French hopes that their Tour riders would put on a special show for Bastille Day failed to be fulfilled yesterday despite having two riders in the winning break.
Whilst the overall favourites eased back on a stage that meandered for 179 kilometres through the southern foothills of the Alps, the day's victory was finally disputed between Sergio Paulinho and Vasil Kiryenka, from Portugal and Belarus respectively. The best Frenchman? Fourth, at over a minute back.
When Paulinho and Kiryenka took off on the final unclassified climb of the day, local TV commentators pointed out that Kiryenka has a French connection of sorts as his team is sponsored by a French bank, Caisse D'Epargne. That at least, would allow local honour to be saved on France's national holiday.
However, that particular vein of patriotism dried up when Paulinho (pictured) claimed his country's ninth ever stage win in the Tour — and first in 21 years — by outsprinting Kiryenka.
An Olympic silver medallist back in 2004, the 30-year-old's first victory in the Tour came after he and Kiryenka dropped the rest of the break, including two Frenchmen, just outside the finish.
Paulinho then took the two-man sprint with a mixture of cunning and strength, darting across the road as he accelerated before edging towards the centre again — a manoeuvre that just gave him the edge on Kiryenka's counter charge.
His strategy paid off richly, earning Lance Armstrong's RadioShack team their first stage victory — some consolation at least after Armstrong's stinging defeat in the Alps.
But whilst Armstrong's now total disinterest in the overall classification was reflected when he lost a minute to the other favourites yesterday for no apparent reason, Briton Bradley Wiggins’ bid for a top ten place suffered a new blow following a late lone move by Irishman Nicolas Roche.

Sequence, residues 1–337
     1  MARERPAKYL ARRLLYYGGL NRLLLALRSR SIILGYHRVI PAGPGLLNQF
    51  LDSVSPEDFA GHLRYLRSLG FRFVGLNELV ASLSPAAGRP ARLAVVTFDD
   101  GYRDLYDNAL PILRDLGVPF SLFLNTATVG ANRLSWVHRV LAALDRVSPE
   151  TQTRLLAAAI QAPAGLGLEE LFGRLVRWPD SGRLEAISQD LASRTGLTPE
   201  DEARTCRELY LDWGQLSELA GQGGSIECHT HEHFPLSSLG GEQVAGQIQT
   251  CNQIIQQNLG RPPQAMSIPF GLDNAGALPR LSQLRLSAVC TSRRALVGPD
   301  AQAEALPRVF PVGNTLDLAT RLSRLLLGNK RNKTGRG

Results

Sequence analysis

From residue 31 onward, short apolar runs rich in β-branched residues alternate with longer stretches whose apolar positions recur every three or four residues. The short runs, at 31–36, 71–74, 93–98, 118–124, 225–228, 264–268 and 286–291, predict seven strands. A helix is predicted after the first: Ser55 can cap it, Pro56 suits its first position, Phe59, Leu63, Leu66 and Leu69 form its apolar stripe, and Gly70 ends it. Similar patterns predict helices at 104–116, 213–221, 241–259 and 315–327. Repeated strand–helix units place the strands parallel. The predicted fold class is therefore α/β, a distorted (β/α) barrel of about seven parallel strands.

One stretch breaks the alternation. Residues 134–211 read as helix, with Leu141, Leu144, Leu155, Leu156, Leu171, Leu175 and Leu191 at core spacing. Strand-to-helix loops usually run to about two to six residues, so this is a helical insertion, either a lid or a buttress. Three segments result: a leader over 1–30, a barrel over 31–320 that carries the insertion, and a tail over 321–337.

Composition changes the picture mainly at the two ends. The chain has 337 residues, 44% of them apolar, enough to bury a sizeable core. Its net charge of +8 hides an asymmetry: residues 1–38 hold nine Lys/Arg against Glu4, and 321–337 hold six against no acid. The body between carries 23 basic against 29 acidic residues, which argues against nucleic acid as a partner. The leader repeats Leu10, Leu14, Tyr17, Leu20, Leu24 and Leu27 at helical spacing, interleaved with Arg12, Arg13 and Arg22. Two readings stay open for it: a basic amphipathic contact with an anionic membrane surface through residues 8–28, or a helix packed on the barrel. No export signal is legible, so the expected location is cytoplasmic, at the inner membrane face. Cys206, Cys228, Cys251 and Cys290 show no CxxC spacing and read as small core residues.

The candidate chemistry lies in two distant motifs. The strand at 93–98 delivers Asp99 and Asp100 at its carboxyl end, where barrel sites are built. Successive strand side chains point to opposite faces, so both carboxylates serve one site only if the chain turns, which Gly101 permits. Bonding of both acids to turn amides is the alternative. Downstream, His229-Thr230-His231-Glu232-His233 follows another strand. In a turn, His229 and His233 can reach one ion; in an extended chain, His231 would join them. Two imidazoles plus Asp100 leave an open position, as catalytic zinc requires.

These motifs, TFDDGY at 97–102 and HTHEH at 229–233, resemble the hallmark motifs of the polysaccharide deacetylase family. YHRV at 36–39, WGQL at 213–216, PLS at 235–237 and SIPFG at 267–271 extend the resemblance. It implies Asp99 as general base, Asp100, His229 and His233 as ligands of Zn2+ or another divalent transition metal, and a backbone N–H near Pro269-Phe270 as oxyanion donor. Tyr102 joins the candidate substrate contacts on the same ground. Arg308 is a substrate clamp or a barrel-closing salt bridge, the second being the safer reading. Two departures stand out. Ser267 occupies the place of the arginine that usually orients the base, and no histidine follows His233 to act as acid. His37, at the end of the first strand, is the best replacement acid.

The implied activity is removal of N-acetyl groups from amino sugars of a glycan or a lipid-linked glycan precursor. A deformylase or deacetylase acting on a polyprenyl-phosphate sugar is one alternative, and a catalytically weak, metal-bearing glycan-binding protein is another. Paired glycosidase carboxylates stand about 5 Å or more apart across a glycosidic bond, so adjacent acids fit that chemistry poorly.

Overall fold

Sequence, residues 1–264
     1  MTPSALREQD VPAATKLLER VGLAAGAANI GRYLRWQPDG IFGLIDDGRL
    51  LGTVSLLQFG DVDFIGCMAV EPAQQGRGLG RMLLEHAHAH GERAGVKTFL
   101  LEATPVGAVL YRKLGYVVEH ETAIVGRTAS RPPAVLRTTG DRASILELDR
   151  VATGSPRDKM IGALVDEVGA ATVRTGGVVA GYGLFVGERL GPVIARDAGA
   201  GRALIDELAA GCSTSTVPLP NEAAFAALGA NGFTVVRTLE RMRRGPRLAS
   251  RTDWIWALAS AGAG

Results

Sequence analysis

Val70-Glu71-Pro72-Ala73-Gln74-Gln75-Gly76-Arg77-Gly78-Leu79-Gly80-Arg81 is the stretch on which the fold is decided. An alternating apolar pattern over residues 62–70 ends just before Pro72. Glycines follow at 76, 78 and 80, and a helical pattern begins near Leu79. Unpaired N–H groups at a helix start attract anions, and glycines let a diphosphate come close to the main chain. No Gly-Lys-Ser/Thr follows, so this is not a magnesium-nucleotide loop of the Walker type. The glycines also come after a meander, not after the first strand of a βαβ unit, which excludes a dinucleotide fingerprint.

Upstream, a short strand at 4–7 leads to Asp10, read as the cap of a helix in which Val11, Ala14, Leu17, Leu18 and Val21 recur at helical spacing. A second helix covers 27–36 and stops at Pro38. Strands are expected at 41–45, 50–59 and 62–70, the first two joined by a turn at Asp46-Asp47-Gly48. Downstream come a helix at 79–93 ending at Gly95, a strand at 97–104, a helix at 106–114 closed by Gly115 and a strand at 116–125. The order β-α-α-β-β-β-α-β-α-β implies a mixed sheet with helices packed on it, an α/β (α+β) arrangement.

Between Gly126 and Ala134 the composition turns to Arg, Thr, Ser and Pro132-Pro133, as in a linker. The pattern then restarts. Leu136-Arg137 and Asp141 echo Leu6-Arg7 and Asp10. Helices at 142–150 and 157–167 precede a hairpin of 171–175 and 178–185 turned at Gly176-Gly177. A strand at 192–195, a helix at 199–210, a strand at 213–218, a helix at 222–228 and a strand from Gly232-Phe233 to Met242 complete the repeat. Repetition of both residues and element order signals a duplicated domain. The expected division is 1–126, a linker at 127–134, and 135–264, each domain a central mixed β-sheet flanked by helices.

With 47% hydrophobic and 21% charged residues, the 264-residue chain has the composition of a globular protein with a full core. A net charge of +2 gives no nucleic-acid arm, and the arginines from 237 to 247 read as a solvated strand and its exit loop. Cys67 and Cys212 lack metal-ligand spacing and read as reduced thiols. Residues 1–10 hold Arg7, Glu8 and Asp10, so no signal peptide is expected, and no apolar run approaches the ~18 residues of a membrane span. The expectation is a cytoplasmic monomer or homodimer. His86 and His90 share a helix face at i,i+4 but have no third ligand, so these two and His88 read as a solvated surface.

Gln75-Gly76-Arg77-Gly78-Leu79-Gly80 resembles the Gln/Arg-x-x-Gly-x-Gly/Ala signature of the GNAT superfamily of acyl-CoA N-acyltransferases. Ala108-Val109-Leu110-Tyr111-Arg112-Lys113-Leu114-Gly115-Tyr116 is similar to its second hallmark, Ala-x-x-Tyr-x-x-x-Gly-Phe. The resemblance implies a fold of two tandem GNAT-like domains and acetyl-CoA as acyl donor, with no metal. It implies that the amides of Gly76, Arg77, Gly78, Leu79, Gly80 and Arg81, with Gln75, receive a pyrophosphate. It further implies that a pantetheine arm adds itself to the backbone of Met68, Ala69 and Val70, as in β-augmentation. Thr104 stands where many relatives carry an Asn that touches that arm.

The son of 1987 Tour winner Stephen, Roche junior sneaked out of the bunch with around 10 kilometres to go, because he said later: “They were all taking it fairly easy there and I didn't see why I should hang around.”
As a result, Roche is now 13th overall, while Wiggins has slid from 16th to 17th.
If Wiggins had a slight setback, Mark Cavendish's chances of the green jersey increased marginally when he outsprinted the classification’s current leader Thor Hushovd for ninth place.
Cavendish has now closed the gap to 41 points behind the Norwegian overall, but the importance of winning yesterday's sprint behind the breakaway was more in terms of boosting his morale - by proving to himself and his rivals he has come through the Alps in good shape.
Meanwhile, media reports in the USA state that the investigation into possible fraud and doping charges involving Armstrong's former team, US Postal, has intensified, with grand jury subpoenas being issued to several potential witnesses.
The investigation was sparked by allegations made by former Postal rider Floyd Landis that organised doping, funded by sales of bikes, regularly took place during 2002-2004 — when Armstrong was at the height of his powers.
Armstrong has consistently denied the claims, questioning Landis credibility, which he recently likened to a carton of sour milk: “one sip,” he said, “and you know the rest is bad.”
However, the subpoenas would seem to indicate that the federal authorities enquiry, are at the very least prepared to investigate Landis claims in full and leave no stone unturned.